Authors’ note: this post is based on a hiring manager we know. We’ve changed all names and some telling details. A team full of good people is an admirable goal for any leader. But there’s a common trap on the road to a goal like this that has snared many a well-meaning hiring manager, including Martin, who works at an IT services company.
Founder, Mike McDerment, has led FreshBooks from a humble start-up operating out of his parents’ basement into the world’s #1 cloud-based accounting solution designed exclusively for small service-based business owners. The company has helped more than 10 million users process billions of dollars through its easy-to-use invoicing, expense management and time tracking features. And, while FreshBooks wasn’t an overnight success, it has become a category leader with an army of fanatical users because of its authentic and uncompromising focus on service.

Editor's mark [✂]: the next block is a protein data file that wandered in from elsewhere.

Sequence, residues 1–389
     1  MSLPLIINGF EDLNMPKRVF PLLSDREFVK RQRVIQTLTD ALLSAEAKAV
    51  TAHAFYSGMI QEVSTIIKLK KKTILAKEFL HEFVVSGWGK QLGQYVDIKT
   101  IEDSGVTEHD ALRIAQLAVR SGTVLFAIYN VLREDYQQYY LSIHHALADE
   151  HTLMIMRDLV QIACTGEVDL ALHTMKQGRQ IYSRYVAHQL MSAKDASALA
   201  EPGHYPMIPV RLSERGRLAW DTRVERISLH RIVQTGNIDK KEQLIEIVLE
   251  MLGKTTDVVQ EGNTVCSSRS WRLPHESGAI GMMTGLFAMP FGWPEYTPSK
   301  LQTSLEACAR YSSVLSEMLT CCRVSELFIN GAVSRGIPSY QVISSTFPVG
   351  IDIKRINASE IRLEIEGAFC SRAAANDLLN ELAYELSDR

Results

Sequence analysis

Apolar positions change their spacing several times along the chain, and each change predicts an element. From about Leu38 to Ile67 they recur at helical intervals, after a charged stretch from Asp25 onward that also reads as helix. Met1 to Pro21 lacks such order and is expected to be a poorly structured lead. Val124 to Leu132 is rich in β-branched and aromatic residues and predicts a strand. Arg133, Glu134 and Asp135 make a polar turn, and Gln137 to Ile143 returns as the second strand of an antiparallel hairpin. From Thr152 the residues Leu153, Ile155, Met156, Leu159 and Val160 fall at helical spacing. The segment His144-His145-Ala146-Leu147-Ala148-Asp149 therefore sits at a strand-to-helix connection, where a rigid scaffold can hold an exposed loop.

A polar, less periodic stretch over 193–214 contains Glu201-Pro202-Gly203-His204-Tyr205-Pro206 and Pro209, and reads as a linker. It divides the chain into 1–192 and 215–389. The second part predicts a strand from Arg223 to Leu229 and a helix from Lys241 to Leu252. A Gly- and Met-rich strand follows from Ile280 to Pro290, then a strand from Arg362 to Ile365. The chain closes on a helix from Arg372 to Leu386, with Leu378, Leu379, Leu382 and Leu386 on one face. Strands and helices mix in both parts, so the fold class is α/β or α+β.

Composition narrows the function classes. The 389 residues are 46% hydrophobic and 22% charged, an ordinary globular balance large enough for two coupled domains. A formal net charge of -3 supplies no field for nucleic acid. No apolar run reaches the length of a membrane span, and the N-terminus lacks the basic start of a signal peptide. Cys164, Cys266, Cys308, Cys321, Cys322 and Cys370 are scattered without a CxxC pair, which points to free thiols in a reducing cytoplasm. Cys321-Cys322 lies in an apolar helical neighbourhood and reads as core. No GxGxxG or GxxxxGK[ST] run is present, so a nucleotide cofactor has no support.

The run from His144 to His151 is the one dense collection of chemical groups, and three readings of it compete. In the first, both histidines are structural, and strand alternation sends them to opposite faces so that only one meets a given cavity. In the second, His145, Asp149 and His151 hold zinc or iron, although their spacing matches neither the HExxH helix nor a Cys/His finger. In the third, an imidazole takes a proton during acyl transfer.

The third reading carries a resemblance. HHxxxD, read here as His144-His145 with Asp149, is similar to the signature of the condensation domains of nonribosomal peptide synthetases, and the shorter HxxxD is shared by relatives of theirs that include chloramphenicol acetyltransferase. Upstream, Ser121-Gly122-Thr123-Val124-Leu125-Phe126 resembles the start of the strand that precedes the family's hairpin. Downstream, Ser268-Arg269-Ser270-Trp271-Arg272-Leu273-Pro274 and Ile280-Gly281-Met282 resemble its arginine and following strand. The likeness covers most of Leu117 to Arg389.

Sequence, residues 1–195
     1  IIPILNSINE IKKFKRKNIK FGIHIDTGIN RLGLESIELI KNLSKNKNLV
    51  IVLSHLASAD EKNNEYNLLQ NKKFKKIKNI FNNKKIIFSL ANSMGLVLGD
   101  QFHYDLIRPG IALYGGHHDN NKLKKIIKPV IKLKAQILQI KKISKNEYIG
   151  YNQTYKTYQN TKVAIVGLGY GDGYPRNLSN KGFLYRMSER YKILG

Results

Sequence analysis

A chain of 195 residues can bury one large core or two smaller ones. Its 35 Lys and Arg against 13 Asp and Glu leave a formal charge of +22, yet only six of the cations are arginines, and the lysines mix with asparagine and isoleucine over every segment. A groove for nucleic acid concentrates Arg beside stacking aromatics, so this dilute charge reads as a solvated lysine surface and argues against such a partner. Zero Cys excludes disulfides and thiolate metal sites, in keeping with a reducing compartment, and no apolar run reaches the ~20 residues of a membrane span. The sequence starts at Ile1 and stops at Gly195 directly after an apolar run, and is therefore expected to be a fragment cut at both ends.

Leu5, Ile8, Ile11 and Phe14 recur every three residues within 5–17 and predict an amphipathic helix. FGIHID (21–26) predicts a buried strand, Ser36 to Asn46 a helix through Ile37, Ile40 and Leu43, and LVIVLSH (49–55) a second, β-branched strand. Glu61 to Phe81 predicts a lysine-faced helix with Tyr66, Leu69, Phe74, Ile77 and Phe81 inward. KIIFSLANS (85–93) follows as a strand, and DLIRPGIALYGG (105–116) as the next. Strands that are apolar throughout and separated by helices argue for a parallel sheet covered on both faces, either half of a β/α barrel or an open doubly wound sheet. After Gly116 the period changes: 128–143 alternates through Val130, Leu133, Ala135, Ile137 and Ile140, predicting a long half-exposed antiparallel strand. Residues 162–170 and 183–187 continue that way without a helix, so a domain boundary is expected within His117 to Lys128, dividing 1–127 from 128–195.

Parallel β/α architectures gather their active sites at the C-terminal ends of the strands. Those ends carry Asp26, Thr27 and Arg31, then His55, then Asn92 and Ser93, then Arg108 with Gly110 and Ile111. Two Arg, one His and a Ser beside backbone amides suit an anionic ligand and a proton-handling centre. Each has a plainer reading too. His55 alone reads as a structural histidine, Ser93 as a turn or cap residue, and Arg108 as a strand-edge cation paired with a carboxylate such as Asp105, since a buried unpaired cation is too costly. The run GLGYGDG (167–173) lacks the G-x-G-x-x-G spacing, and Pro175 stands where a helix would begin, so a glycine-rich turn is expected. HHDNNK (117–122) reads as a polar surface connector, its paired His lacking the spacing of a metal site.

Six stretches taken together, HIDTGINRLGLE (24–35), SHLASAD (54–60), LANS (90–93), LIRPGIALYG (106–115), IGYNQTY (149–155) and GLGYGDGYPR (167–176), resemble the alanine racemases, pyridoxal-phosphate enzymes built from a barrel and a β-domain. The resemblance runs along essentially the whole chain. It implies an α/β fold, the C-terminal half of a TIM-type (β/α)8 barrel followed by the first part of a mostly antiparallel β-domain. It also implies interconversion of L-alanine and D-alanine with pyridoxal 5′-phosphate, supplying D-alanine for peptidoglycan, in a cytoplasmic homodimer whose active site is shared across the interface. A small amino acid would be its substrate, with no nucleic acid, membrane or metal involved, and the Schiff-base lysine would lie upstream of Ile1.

Successful entrepreneur Mark Organ may have just landed his first Sales VP at his second company, but his story started more than ten years ago, when he and his two partners founded their first start-up, Eloqua. The journey from start-up—three guys sharing the weight of getting their new company off the ground—to being bought by Oracle for $871 million taught Mark a lot about what works for him when building a sales team—and what doesn’t.
Got junk? How Converting Technology found great employees in a sea of unqualified, unmotivated applicants
When Steven Wieske joined Converting Technology, Inc. as their Operations Manager he realized that he faced a turnover problem in their manufacturing department. But when he tried to fill the empty roles, he discovered an even more alarming issue. As soon as he started posting the open positions he almost drowned in a tidal wave of applicants—and most of them weren’t really interested in the job, and wouldn’t even show up if hired.